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By-election voters reject entire nationalist movement: time for a reboot

Boris Johnson’s premiership is in crisis after two by-election defeats: but voters also rejected the entire spectrum of nationalist parties

Two dramatic parliamentary by-election results tonight delivered a potentially fatal blow to the authority of Boris Johnson. But they also showed that voters even in strongly pro-Brexit constituencies have rejected the entire nationalist movement as presently constituted.

A wide range of different nationalist parties and independents were on the ballot papers in the West Yorkshire constituency of Wakefield, and the Devon constituency of Tiverton & Honiton, offering various combinations of UKIP-style politics; criticism of immigration; rejection of ‘woke’; traditional patriotism; opposition to Islam; racial or semi-racial nationalism; and/or conspiracy theories about the pandemic. Yet the voters were decidedly unimpressed.

On the issues listed above (with the likely exception of CoVID conspiracism which has niche appeal at best) there are undoubtedly many thousands of voters across the two constituencies (as elsewhere in the UK) who agree with civic or racial nationalist policies.

As recently as 2010, the BNP (which of course no longer even pretends to function as a proper political party) polled 2,581 votes in Wakefield (5.8%).

Yet this week all six of the nationalist or anti-lockdown parties in Wakefield added together polled only half this total: just 1,293 votes!!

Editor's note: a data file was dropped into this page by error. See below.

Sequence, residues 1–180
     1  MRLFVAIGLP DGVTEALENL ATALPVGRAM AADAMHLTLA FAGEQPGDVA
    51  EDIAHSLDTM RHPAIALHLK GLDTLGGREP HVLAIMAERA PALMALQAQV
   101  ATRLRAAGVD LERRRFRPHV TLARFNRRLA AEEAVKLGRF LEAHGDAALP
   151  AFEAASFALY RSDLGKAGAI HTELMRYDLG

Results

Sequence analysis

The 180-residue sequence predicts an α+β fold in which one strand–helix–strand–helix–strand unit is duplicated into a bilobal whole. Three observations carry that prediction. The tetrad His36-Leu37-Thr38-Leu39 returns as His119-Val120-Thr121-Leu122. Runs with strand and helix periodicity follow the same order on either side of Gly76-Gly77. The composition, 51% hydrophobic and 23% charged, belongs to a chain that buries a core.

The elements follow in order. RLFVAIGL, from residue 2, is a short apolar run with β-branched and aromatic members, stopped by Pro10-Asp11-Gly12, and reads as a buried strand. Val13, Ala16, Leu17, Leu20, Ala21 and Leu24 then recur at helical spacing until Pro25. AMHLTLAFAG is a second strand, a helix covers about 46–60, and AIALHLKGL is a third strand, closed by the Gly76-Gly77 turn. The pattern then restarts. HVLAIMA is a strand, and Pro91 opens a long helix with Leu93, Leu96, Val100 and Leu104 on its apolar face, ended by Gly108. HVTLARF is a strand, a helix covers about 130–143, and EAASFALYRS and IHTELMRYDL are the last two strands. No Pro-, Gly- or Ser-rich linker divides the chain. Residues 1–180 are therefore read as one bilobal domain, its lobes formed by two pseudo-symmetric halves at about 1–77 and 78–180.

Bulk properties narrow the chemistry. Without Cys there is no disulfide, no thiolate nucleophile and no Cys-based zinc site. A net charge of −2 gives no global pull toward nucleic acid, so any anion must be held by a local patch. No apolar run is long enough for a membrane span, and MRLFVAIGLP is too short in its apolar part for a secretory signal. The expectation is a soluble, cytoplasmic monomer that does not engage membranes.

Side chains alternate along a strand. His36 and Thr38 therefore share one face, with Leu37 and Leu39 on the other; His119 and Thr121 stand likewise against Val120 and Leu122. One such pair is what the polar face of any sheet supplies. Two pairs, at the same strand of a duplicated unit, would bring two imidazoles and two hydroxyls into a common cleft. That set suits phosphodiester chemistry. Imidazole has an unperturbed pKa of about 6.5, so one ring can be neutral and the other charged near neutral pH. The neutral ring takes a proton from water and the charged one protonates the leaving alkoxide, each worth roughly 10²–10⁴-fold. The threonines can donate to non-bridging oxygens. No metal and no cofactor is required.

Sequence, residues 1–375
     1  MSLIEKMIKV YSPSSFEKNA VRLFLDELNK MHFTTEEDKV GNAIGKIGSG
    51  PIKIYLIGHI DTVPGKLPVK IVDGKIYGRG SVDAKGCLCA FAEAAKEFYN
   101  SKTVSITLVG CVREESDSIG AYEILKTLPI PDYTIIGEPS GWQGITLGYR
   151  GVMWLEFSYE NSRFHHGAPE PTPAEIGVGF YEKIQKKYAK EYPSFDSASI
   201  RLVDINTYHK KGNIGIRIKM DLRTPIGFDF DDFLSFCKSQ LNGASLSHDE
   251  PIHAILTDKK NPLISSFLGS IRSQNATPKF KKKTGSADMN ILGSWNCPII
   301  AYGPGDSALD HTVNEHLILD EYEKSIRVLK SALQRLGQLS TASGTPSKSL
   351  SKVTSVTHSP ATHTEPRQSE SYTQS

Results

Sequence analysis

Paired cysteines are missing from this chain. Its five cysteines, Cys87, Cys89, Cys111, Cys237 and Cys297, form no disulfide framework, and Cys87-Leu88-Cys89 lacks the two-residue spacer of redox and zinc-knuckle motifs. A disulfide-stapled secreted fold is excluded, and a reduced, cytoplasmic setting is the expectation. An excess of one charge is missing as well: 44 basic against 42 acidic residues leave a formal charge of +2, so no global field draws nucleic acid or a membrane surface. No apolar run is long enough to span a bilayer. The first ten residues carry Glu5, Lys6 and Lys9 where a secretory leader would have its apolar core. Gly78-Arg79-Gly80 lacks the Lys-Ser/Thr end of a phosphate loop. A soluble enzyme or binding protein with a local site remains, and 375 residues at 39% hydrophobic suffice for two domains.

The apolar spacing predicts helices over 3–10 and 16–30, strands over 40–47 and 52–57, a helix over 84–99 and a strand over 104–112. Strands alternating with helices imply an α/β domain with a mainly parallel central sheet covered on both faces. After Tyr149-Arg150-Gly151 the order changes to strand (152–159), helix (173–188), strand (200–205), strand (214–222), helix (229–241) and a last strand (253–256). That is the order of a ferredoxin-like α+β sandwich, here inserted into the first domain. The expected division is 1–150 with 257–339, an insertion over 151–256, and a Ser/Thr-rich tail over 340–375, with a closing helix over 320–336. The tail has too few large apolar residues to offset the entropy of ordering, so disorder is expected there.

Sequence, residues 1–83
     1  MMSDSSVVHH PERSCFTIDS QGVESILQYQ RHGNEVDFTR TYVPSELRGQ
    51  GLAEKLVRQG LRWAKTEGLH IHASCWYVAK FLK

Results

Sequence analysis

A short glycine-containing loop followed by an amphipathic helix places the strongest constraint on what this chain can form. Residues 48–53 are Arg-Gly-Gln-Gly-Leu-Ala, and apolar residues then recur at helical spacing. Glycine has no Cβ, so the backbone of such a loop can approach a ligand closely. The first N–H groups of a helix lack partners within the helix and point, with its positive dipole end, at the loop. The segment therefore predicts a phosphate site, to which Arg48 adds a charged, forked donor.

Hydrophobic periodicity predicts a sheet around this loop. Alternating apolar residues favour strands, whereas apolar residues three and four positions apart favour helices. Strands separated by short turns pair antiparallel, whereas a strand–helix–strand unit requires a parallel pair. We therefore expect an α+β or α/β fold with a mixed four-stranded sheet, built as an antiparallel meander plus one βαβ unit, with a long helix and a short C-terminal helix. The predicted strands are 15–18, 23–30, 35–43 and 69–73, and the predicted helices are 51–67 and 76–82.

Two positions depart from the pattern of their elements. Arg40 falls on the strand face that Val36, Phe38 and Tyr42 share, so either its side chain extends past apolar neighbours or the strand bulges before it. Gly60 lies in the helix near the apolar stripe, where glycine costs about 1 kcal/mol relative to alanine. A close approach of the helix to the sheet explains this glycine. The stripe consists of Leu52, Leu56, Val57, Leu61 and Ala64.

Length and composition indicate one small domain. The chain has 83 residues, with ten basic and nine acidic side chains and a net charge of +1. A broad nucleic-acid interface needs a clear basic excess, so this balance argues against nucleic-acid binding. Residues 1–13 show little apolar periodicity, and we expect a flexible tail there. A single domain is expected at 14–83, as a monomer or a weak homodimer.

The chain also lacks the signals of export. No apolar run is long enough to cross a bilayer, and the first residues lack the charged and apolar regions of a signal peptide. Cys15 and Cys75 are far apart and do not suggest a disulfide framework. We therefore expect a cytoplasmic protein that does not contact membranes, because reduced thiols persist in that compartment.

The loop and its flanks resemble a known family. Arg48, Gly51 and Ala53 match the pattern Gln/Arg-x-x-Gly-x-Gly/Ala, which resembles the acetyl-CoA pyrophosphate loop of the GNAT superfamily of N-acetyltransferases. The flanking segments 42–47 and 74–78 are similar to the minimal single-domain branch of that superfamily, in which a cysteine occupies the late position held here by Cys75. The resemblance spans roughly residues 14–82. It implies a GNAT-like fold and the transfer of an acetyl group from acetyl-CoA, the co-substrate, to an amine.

Ashlea Simon (above centre) at the Salford local election count last month. That was a good night for Ms Simon and her party Britain First, but they came down to earth with a bump tonight in Wakefield.

In Wakefield the most active nationalist campaign was fought by Ashlea Simon of Britain First, who had achieved the country’s best nationalist result at last month’s local elections, polling 21.6% in Walkden North ward, Salford.

Wakefield is of course on the other side of the Pennines, but this West Yorkshire city has many of the same racial problems that led to strong BNP votes in the 2000s. And the fact that the by-election was caused by a homosexual Muslim Conservative MP being jailed for sexual abuse of a 15-year-old boy, ought to have been a gift for even a semi-racial nationalist party.

Ms Simon and her team (including Britain First leader Paul Golding) put in a serious effort, but polled only 311 votes (1.1%), finishing 8th of 15 candidates.

This wasn’t a great result, but the outcome for other nationalist contenders in Wakefield was truly dire. Jayda Fransen of the British Freedom Party was bottom of the poll with only 24 votes (less than 0.1%).

Ms Fransen had to stand as an independent because her party isn’t yet registered. She and the two men who pull the strings in her ‘party’ – Ulster ‘businessman’ Jim Dowson and former MEP Nick Griffin – talk a good fight online, but are effectively seeking to con potential donors that they are running a serious political force (rather than the farce that it truly is).

In a rational world, Fransen, Dowson and Griffin would never show their face again in any political forum, online or in person. But doubtless they are shameless enough to keep the con going.

Serial political conman Nick Griffin (above left) with the nominal leader of the ‘British Freedom Party’, Jayda Fransen, who last night polled one of the most embarrassing votes in British nationalist history.